In 1982, President Ronald Reagan established the third week in April as annual Victim’s Rights Week, as part of an expanding initiative to provide for victims of crime across our country. This tradition has continued for over twenty years, giving national and local recognition to the experiences of victims as well as to the individuals and organizations who work to support them in their time of need.
Friday, April 19, 2013, was a day filled with tension and sorrow as the nation turned its collective eye to the tragic events in Boston. But that evening, hundreds of co-victims of homicide (family and friends of murder victims), victims of serious crime, and others in the Philadelphia community committed to the cause of victims services gathered together at the First Unitarian Church in Center City in Philadelphia’s 12th annual Candle Lighting tribute to the victims and survivors of crime in our city.
As Sam Daniels played the piano and softly sang, “My Living Shall Not Be in Vain,” they filed into the church. It was impossible not to be struck by the diversity of the group. Certainly all races and all ages were represented. Babies were carried at the breast of young girls next to women in their 80’s and 90’s. Some came alone; others in groups of 8 to 10. Most were dressed in dark colors and attire suitable for church, but others were in tank tops and flip flops. Many Muslim women wore hijab scarves and some full burqas. Some in attendance wore t-shirts bearing the pictures of a slain loved one; others held pictures; one family even brought a poster board filled with images of their lost son. But they all sat shoulder to shoulder in rows as the church filled to capacity, blending into one large community feeling pain, but also hope.
Myra Maxwell, AVP’s Director of Victim Services, welcomed the group, referencing not only the tragedy in Boston, but previous events that have evoked our nation’s horror: Oklahoma City and Sandy Hook, place names that have become synonymous with grief and shock. Three victims addressed the group, speaking eloquently of the impact violent crime had on them and their families:
- William Spratley, whose young, college-student daughter (who had given birth only one month previously) was slaughtered by her boyfriend/baby’s father and dumped in the closet of her apartment;
- Remedios Guzman, a victim of sexual abuse starting at age 4 in Mexico, who shared her pain through an interpreter;
- Movita Johnson, who moved from the city in an unsuccessful attempt to keep her children safe and spoke of the murder of her 18 year old son while holding her three year old grandson who was born 29 days after his father’s death.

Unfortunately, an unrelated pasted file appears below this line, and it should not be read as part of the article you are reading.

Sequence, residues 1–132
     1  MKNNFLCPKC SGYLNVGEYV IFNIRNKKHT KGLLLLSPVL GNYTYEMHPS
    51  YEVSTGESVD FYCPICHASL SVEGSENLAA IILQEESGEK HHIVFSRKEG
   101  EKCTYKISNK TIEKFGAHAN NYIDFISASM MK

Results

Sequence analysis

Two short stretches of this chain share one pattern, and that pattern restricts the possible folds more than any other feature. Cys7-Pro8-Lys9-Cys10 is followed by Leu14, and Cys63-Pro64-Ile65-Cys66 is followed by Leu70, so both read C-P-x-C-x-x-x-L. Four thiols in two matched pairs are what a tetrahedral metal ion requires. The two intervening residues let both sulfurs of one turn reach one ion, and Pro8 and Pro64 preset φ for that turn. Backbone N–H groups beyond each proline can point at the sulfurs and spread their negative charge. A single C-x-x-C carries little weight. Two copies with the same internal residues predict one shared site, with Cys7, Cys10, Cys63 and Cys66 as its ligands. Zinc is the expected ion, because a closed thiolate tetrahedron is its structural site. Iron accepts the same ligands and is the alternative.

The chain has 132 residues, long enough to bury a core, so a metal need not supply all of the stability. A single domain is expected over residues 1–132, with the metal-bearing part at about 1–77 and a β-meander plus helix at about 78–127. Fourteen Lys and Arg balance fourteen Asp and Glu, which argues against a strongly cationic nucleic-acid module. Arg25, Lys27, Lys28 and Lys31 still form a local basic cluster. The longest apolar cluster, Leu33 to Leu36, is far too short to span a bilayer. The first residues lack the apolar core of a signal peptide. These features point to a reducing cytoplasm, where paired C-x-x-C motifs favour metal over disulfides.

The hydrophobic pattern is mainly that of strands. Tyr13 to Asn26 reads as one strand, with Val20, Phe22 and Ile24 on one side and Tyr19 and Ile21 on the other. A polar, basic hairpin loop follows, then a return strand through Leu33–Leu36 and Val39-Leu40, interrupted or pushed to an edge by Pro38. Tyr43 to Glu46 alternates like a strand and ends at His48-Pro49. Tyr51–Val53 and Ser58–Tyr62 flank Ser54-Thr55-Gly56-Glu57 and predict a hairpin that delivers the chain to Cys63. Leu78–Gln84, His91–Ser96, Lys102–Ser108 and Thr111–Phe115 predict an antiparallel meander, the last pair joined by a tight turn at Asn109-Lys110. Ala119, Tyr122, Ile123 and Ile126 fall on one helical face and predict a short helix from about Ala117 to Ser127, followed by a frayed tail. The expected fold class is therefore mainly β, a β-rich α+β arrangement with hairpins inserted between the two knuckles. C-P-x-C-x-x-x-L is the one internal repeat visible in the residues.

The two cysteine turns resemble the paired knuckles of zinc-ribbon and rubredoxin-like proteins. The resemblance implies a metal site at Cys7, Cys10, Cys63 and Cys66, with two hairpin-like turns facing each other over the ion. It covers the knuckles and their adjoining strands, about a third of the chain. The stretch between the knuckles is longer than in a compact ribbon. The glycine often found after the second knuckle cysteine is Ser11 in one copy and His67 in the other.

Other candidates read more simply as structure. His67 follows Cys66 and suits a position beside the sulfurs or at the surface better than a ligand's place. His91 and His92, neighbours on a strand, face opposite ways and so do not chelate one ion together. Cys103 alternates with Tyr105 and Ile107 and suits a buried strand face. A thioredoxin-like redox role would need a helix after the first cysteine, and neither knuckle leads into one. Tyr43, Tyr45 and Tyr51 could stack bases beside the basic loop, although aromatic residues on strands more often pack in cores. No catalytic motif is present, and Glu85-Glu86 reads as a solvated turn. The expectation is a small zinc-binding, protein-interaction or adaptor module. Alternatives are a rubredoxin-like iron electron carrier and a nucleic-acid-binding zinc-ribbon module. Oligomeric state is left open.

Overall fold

As people collected themselves after sharing the pain of those three brave speakers, the time came for them to acknowledge and remember their lost loved ones. Everyone in attendance was given the opportunity when arriving to write down their loved one’s name and some special memory.
While the last of the day’s light shined through a beautiful stained glass window of an angel with outstretched arms and the comforting words, “Blessed are the Pure in Heart for They Shall See God,” the roll call began. Tearful but strong, the words of the attendees were called out; many were there representing multiple victims. They might have looked very differently but their messages were amazingly similar: “We love you. We miss you. Stop the violence. Get the guns off the streets.” As each person’s message was read, they lit a candle and received a flower.
By the end of the ceremony, the disparate individuals had become one community, brought together by tragedy but bolstered by the comforting presence of so many people who had shared their experience. As US Attorney Zane David Memeger stated in his opening remarks, the goal of the memorial was twofold: to gather together in the belief that victims of crime and their families should not be forgotten and to acknowledge the need to work together to prevent future tragedies through improving education, jobs, housing, parenting, and building character and respect in young people.
As the specter of terroristic violence in Boston, combined with community violence in our own city, remains in front of us, we all should be inspired by the strength and resilience shown by the survivors and commit ourselves with renewed vigor to preventing future tragedies.
- Julie Rausch, Executive Director